National News

The Gay, Lesbian and Straight Education Network, more commonly called GLSEN (pronounced “glisten”), has launched its 11th National School Climate Survey in its primary mission to ensure safe schools for LGBTQ students.

 

While the amount of non-LGBTQ adults ‘very’ or ‘somewhat’ comfortable with the gay community has stabilized after a large dip last year, more Americans ages 18-34 are less comfortable with queer people, a new study found.

The fifth-annual Accelerating Acceptance Index, a national survey of 1,970 United States adults’ attitudes toward LGBTQ people, was released June 24. It was run by marketing research group The Harris Poll alongside LGBTQ advocacy organization GLAAD. Responses were gathered online Jan. 8-11.

 

The Victory Institute celebrated Pride month with its 2019 Out for America report and news that the most LGBTQ elected officials in history are now in office.

As Mayor Pete Buttigieg stands on the presidential debate stage as the first openly gay presidential candidate, across the U.S., 698 LGBTQ officials represent the people.

 

Pete Buttigieg made history at the first round of Democratic debates. On the eve of Pride, Buttigieg’s presence was the first out gay candidate in a presidential debate. He is also one of the top contenders for the Democratic presidential nomination, rising in the polls over the past six months, now ranked fifth according to Politico.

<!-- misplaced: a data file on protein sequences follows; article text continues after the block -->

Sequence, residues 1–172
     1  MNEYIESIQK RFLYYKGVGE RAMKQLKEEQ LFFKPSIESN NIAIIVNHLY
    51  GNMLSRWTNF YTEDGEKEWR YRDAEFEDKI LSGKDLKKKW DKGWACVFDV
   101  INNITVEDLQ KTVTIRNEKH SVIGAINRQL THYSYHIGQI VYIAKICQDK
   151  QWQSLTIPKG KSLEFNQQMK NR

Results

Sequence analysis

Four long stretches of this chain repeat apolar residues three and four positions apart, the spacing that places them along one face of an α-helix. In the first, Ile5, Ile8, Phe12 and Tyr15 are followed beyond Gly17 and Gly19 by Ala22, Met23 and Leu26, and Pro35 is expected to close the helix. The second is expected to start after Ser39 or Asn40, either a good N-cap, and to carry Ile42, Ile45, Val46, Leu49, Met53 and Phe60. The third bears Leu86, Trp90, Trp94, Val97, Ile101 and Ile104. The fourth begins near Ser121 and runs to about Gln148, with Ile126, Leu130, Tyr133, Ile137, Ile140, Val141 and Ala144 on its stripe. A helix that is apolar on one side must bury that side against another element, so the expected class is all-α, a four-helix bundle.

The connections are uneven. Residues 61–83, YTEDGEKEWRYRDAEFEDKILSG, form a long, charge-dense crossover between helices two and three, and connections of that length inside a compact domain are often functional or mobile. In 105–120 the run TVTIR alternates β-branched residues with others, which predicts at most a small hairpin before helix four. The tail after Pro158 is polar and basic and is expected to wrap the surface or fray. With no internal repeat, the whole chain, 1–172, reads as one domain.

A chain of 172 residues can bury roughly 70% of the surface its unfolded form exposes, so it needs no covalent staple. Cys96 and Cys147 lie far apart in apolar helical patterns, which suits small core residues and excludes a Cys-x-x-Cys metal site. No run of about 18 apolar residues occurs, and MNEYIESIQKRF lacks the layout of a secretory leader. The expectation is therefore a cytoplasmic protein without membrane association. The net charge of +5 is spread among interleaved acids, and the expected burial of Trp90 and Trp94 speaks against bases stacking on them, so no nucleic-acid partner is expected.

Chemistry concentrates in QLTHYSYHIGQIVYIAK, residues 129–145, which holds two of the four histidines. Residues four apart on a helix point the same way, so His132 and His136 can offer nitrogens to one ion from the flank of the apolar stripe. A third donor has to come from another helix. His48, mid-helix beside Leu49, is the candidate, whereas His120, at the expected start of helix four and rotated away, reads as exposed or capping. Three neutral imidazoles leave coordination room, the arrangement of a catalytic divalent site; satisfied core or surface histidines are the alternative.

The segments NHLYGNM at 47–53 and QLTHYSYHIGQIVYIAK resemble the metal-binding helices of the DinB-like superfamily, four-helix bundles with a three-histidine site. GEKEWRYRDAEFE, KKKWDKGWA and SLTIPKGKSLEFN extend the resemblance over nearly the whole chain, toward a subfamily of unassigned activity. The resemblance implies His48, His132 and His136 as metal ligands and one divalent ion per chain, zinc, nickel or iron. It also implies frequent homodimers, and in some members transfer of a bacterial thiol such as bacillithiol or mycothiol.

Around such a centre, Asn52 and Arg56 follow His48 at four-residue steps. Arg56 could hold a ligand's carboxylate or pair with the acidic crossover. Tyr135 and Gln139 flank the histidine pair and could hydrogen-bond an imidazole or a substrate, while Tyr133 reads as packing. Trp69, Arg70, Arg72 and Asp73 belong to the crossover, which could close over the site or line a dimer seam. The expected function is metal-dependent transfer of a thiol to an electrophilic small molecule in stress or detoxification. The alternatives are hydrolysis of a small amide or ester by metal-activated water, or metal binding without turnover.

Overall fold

Vermont: Insurers can’t deny care for transgender youth

The State reported Vermont is clarifying that insurers cannot deny coverage of gender affirmation health care because of the individual’s age.

 

Del Martin and Phyllis Lyon founded the first lesbian civil rights organization in the U.S., the San Francisco-based Daughters of Bilitis. DOB was named for a book of lesbian poetry written by a lover of Sappho, “Songs of Bilitis.” Martin and Lyon justified the name, writing later, “If anyone asked us, we could always say we belong to a poetry club.”

Civil rights lawsuit alleges anti-gay harassment of student

The Chicago Tribune reports a federal civil rights complaint alleging an Ohio high school student faced harassment from school officials and his basketball coach after they learned he was gay.

The lawsuit filed in federal court in Akron, Ohio says the student at Fairless Local Schools in northeastern Ohio lost virtually all basketball playing time and was punished with workouts not ordered for other players.

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